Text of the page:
As much as the overall platform matters to the “bigger picture” — it’s about the apps, man. If there aren’t any really good apps in your App Store, Marketplace, or App Catalog — you better hope your web browser and email client is up to scratch.
There’s this little blog called My Dinner With Android that received some media attention a few months or so ago, and it attempts to detail one iOS user’s journey with the Nexus S. This post is where I will attempt to do the same, with a few exceptions: his previous smartphone is an iPhone 3GS, my previous smartphone is an iPhone 4. He is from the US, I am from Australia. Everything else is fairly similar. For the sake of your sanity and length, this will be yet another two-parter — the first part, this part, will focus more on Android as something to live with every day, with a few comparisons to iOS and WP7 along the way. The second, more ranty part, will probably be about how much I hate Android and all of its crazy user interaction methods — either that, or a few more details on things I’ve said here, as well as more critical look at Android as a smartphone platform and an Apple iOS competitor.
Yes, I’ve done it again. Changed smartphone platforms, at least temporarily. After my experiments with WP7 I figured I had to give Android another go, a more serious one this time. Like I said, Android is my poison of choice this time around, and the Nexus S is the chalice from which I drink. I realised my previous attempt at Android was little more than a ranting tirade about everything that was wrong about the platform, so this time around I’m going to take a more objective view.
First, the hardware. So, what is the Nexus S like? It’s alright. Not fantastic like the aluminium-and-glass of the iPhone 4, but still alright. Plastic feels somewhat cheap, but overall the whole kit is passable. The most defining feature of the Nexus S is that the front glass is curved – people have said that the inwardly-curved front glass fits better against the face when you’re on a call, and it does. Oh, and the screen is a little larger than what I’m normally used to, which, when combined with the hardware navigation keys (back, menu, home) means that apps have a little more breathing room.
I’m in the privileged position where I can buy whatever the fuck I like. No kids […] and no debt – just disposable income and a bloodlust for gadgets. Some people smoke, do drugs, drink booze, gamble, go out, whatever. I like buying electronics I have no use for, other than to say “I’ve used that”, and to be able to throw my opinion into nerdly discussions with some sort of authority. The pinnacle of this is my T-Hub – currently acting as a glorified clock in the living room.
* give or take a few days
Pretty much this. It’s not that don’t like having money, but what use is money if I can’t do anything with it? This way, my “bloodlust for gadgets” — as Anthony so eloquently puts is — is satisfied and no one gets hurt in the process. Win-win, really.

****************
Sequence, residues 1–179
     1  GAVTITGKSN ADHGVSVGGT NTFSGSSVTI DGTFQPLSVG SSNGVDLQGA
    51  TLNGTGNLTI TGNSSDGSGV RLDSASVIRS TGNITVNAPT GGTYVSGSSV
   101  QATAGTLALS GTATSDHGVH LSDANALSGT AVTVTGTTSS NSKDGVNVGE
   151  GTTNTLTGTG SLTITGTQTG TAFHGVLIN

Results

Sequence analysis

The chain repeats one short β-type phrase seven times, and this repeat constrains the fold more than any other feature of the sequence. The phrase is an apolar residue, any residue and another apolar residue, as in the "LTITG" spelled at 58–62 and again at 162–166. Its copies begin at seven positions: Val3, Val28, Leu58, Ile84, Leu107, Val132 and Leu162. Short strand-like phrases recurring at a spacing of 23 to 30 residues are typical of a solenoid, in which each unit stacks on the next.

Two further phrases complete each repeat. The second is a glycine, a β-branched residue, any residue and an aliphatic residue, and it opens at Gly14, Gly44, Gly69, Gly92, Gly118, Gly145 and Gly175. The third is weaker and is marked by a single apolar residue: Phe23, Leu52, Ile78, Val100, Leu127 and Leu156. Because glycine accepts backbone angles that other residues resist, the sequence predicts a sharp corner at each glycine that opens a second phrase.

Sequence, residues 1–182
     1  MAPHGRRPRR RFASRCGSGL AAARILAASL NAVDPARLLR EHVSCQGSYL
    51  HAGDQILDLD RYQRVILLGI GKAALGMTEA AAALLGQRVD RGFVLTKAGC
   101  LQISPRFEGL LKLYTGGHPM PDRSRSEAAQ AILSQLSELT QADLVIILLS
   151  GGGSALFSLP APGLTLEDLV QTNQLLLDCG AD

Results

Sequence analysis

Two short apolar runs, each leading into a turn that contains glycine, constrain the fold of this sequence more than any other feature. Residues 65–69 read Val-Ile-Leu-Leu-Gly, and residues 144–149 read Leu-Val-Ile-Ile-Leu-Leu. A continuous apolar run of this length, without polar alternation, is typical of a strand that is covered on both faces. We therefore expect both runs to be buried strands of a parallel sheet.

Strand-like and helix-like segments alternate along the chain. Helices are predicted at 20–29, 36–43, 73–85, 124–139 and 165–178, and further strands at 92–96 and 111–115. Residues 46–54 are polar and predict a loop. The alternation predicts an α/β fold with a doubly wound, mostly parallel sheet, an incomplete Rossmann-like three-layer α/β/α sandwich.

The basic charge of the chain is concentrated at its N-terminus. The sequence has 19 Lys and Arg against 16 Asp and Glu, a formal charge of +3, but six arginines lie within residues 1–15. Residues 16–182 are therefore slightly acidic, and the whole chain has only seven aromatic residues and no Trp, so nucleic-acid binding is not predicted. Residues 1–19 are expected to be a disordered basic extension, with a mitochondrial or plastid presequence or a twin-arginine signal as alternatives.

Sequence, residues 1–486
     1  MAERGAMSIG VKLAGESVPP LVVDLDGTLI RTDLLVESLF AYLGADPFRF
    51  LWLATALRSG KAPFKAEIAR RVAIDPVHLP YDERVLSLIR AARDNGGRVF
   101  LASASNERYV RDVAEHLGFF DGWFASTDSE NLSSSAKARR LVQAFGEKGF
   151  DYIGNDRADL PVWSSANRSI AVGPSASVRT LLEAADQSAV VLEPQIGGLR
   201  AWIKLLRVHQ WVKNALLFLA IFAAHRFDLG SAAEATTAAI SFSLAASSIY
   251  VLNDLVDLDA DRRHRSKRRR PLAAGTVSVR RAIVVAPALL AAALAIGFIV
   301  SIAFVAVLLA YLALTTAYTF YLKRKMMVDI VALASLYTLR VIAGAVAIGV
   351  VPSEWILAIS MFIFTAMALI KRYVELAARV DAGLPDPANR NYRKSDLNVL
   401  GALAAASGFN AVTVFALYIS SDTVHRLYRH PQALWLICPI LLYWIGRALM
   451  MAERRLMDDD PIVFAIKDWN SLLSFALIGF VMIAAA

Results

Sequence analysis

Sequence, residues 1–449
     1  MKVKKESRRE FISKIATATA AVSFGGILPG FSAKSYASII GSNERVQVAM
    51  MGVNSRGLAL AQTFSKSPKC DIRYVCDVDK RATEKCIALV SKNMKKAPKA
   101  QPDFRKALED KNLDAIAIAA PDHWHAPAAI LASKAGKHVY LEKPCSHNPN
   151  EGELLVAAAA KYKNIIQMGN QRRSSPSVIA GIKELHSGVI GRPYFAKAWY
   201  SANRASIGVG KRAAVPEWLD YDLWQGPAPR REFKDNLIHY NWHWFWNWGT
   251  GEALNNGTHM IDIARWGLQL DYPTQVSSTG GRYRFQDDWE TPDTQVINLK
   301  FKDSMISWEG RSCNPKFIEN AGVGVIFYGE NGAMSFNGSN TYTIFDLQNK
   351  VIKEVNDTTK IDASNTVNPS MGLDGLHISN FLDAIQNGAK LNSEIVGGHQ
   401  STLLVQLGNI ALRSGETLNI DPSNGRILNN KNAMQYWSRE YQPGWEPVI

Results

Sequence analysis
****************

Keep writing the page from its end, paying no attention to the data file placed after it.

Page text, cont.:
I don’t know quite how it happened, but at some point during the last month I managed to acquire not one, but two Windows Phone 7 Phones; a HTC 7 Mozart and a Dell Venue Pro. I’ve already written about the hardware of those a little, so this will mostly be about Windows Phone 7 as a platform and how it compares to, say, the iPhone.
Small note before we get into things proper: in the above review of the hardware and intro to Windows Phone 7, I (incorrectly) say that even though the HTC 7 Mozart includes a notification LED, WP7 doesn’t seem to use it. That is just plain untrue — it just doesn’t flash for things like unread emails or messages. It’ll definitely flash for missed calls though, but whether the notification LED is a standard thing or something HTC has tacked on still remains to be seen.
The next small note before I start giving you opinions on stuff: I used the release of Windows Phone 7 called NoDo (7390), as well as the as-yet-unreleased (to the public, anyway) Mango (7712) for my evauluations. Besides Twitter integration, groups, and threaded messages across communication platforms, there is little else that I discovered in terms of differences between the two. There may be a few little changes between the developer beta 2 refresh of Mango and the final, carrier-released version, but your mileage may vary.
Final small note: if you haven’t read Lukas Mathis’ excellent Windows Phone 7 write-up, you should go read that. I echo a few of his points here, but he also looks at WP7 from a usability perspective (something I don’t do much of here).
If you’re ready to get this show on the road, take a deep breath, and read on.
It’s a little pixel ridden, but personally the crashes are what concern me.
A damn shame because frankly Kickball is the best Foursquare client on the iPhone.
Multitasking in iOS4 is not a magical sparkle pony. It’s a magically sparkly unicorn that is close enough to a pony to reasonably allow Apple to call it a pony for the vast majority of users, when it still has a horn on it’s head.
Great analysis on exactly what multitasking in iOS 4 actually means for end users – no, it’s not “run multiple apps concurrently”, but it’s a damn sight better than watching your battery life tick away before your very eyes.